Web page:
On 16 March the Sustainable Energy Systems class visited Steven’s Croft power station in Lockerbie. The trip was really needed as we had just completed the Tulliemet hydro project and the Sri Lankan power project, both of which had been very hectic. The trip felt like a sort of escape for us after a stressful period. Steven’s Croft is the largest dedicated biomass power station in Scotland. It generates 48MW of electric power, out of which 4MW is used internally while the rest is exported to the grid. It burns 60 tonnes of biomass every hour and requires 480,000 tonnes a year, and consequently saves 140,000 tonnes of carbon dioxide annually. Power generated at the plant meets the energy needs of 70,000 households. 60% of its fuel mix comes from nearby forestry industry, 20% from short rotation coppice willow, and 20% from recycled fibre from wood production manufacture. Since the carbon dioxide released into the atmosphere when the fuel is burned is basically the same as that absorbed by the plant while growing up, it is a greener alternative to fossil fuels.
We were received at their purpose-built visitor centre which looks like a nice modern wood cabin in my opinion. We were then talked through the history and operations of the plant. After that, it was time for the tour. We were divided into three groups. With tours like this, it is important that you are in an exciting group and I was lucky to be in one. When I say an exciting group, I mean a group that has the right balance of seriousness and mischievousness. We started out with an overview of the site’s plan, then proceeded to the fuel processing facility, fuel storage facility, fuel conveyor, boiler house, steam turbine and generator, air-cooled condenser system, and finally the administration building and control room. At the boiler house, our tour guide asked whether we would like to climb to the roof. We said yes. So up we went. The wind was so strong that it felt like we were going to be blown off the roof. It was then that I realised I had a little phobia for heights, maybe just a wee bit. The air-cooled condenser system was interesting too. It has a fan that sucks air from the bottom and blows it through the condenser pipes. When we went inside it blew air into our coats making us look like little versions of the “incredible hulk.” All in all, the trip was fun and interesting.
The following day, I went on a trip to Inverness. There had been a forecast of a “mini beast” heading for Edinburgh that weekend which made me wonder whether embarking on the trip was sensible. What if we were cut in a snow storm? Luckily, there was only a little sign of snow before we left which soon cleared. However, after driving for about 30 minutes we encountered serious snow. Then after another hour or so the sun came up, though it was still snowing. The reflection of sunlight from ice-covered hills on either side of the road was just breath-taking. Then the snow stopped or we drove past it. While locations behind us were being bombarded with snow, it was so sunny ahead of us it felt like we had just been teleported somewhere totally different.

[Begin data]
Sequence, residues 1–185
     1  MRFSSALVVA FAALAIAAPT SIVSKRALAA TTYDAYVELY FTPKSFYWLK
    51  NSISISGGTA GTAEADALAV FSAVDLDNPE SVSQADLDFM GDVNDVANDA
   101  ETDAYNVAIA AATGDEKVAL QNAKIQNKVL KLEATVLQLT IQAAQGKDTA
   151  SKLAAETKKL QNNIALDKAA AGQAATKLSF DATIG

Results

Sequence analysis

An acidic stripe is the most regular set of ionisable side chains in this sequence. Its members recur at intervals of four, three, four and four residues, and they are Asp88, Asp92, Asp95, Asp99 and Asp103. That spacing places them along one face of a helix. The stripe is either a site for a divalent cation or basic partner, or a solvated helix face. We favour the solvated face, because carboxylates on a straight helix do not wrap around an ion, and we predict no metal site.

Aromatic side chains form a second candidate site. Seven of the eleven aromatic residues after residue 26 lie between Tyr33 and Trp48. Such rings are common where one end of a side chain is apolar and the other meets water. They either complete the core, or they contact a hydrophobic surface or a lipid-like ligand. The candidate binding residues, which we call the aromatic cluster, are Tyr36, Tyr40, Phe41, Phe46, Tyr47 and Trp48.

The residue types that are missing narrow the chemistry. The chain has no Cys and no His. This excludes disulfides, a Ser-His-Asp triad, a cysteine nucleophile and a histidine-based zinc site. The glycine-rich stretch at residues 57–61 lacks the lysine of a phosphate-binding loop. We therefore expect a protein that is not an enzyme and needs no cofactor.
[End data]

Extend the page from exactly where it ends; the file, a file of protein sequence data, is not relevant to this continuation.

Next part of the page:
About three and half hours after leaving Edinburgh, we got to our first stop, the famous Loch Ness. We were there to see the Urquhart Castle Grant Tower whose name sounded like it was intentionally coined to make sure people are not able to pronounce it. When I saw it, I was disappointed as it was not a standing castle but just the ruins of a castle that once was, or so we were told. We basically travelled for over 3 hours just to see some broken-down walls, which were not even levitating or doing something interesting. Plus, it was so cold! About 2 hours later we left for the city of Inverness. At Inverness, we got something to eat and then went to see the Inverness Museum and Art Gallery which had some amazing stuff. After wandering about for a while and going over the most wobbly bridge ever built, we ended up in a Cathedral with some very delicious biscuits. Then it was time to get back to Edinburgh. At a point during the return trip, the sky and the hills seemed to merge together in a huge mass of whiteness. It was just lovely. We drove with snow-covered hills on either side for over an hour. Then suddenly we entered a long stretch of green patch. Somehow, it seemed the snow was afraid or had negotiated a pack with the patch not to whiten it. From then, the scenery alternated between green and white, like the Nigerian flag.
At about 7pm we arrived back at Edinburgh with no sign of snow. I was about to comment that the MET office got the forecast wrong when, as if to say, “not so fast,” it started snowing. It was like the snow was specifically waiting for us. At that moment I felt there was something frivolous about Edinburgh’s weather. We all scurried to our various beds and drew the duvet over what had been an eventful day.